PITTSBURG, KS.--- From the boots to the badges, a uniform has a special place in Kristina Willis's heart.
"It's a symbol of pride. We have one of the strongest military in the world and to be able to be a part of that and fight for the country, I love it. It is amazing," states Kristina Willis, ROTC Cadet.
She hopes to make a career in the military and possibly stand on the front lines of combat, now that is a possibility.
"Over more than a decade of war, they have demonstrated courage, skill and patriotism," states Leon Panetta, U.S. Defense Secretary.
Today, Defense Secretary Leon Panetta lifted the ban on women serving in combat positions.
"Women have been in the military for many years now, but we've been restricted," says Willis. "So, now with more jobs opening up and more careers available, as long as we keep the same standards as we had before with the men, it's just going to make our military even stronger."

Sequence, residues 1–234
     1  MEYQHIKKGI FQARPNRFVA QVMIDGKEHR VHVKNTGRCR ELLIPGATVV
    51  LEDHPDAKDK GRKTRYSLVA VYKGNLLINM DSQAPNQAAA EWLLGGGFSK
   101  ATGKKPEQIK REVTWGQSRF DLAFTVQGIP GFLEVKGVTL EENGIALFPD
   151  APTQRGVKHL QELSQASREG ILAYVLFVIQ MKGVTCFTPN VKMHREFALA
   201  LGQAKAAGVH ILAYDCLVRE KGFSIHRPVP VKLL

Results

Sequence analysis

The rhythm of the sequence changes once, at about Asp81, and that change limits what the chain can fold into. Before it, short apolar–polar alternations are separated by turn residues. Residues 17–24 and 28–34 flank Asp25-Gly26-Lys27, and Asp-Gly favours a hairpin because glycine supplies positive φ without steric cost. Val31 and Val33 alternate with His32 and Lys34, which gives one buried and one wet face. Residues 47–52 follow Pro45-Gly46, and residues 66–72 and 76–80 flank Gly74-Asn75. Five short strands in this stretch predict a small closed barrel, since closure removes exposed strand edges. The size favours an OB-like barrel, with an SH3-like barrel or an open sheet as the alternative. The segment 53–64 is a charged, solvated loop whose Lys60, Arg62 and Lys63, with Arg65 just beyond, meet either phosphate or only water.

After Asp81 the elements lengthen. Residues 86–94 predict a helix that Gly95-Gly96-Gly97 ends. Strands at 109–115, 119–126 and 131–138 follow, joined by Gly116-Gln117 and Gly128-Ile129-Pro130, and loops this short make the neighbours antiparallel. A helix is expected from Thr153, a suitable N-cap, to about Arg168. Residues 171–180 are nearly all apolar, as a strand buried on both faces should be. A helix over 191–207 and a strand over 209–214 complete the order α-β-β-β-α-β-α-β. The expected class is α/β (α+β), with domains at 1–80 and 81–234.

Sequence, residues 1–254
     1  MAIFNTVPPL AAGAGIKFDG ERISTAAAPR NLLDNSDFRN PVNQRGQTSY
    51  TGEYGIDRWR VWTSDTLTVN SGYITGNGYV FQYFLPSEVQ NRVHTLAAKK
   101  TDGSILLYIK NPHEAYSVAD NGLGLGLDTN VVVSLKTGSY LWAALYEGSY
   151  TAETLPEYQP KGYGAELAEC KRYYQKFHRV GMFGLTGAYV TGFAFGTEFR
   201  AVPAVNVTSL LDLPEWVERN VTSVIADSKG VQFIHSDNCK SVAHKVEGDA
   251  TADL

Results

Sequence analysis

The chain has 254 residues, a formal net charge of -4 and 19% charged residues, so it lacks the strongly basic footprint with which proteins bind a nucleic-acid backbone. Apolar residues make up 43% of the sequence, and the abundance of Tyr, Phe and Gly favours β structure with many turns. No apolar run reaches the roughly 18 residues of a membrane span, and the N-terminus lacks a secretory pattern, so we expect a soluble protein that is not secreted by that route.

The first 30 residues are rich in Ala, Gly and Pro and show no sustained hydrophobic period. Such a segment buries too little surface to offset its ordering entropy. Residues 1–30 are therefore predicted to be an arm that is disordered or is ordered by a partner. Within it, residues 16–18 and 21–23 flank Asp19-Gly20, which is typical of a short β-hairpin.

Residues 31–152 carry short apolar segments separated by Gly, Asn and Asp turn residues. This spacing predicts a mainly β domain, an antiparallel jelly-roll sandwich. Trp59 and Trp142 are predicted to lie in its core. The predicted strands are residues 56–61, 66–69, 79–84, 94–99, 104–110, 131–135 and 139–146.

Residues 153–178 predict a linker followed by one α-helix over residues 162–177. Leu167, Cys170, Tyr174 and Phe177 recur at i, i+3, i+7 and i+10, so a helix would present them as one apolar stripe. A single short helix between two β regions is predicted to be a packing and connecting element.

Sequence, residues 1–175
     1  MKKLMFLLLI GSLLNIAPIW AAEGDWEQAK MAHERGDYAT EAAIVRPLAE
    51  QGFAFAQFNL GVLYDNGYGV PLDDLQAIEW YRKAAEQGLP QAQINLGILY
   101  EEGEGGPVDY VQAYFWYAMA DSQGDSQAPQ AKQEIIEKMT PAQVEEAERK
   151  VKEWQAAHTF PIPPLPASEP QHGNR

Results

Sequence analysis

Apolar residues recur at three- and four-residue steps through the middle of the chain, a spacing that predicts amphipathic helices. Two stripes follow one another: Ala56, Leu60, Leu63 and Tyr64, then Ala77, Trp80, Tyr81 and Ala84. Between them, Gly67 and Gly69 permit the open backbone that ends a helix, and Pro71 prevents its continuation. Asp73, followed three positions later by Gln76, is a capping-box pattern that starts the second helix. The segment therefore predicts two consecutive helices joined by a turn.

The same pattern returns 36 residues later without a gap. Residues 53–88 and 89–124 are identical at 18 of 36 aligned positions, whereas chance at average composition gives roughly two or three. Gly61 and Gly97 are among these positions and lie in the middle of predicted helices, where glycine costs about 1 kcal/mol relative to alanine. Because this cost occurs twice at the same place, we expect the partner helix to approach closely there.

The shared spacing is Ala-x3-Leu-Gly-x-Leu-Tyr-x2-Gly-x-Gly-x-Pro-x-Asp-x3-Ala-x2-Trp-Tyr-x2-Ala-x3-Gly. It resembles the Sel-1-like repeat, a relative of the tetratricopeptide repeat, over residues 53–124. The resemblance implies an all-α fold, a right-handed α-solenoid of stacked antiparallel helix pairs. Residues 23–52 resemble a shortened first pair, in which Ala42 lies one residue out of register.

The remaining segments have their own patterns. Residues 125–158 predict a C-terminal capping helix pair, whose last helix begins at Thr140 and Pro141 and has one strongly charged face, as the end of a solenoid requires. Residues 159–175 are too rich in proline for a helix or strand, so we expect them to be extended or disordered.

230,000 combat jobs could become available to women within a few years. Some critics say those duties could prove to be too physically and psychologically demanding for women.
"It will trigger some in the wrong way, but that's how it is for any soldier. The women they select to do this will surprise them," says Panetta.
For Willis, war battles have nothing to do with gender.
"It's very personal. I don't think it matters whether you're male or female. It shows how you as a person will handle the situations," says Willis.
The military service will have until May 15th to submit a plan on how they will comply with this new rule by 2016. Some of those roles may open to women as soon as this year.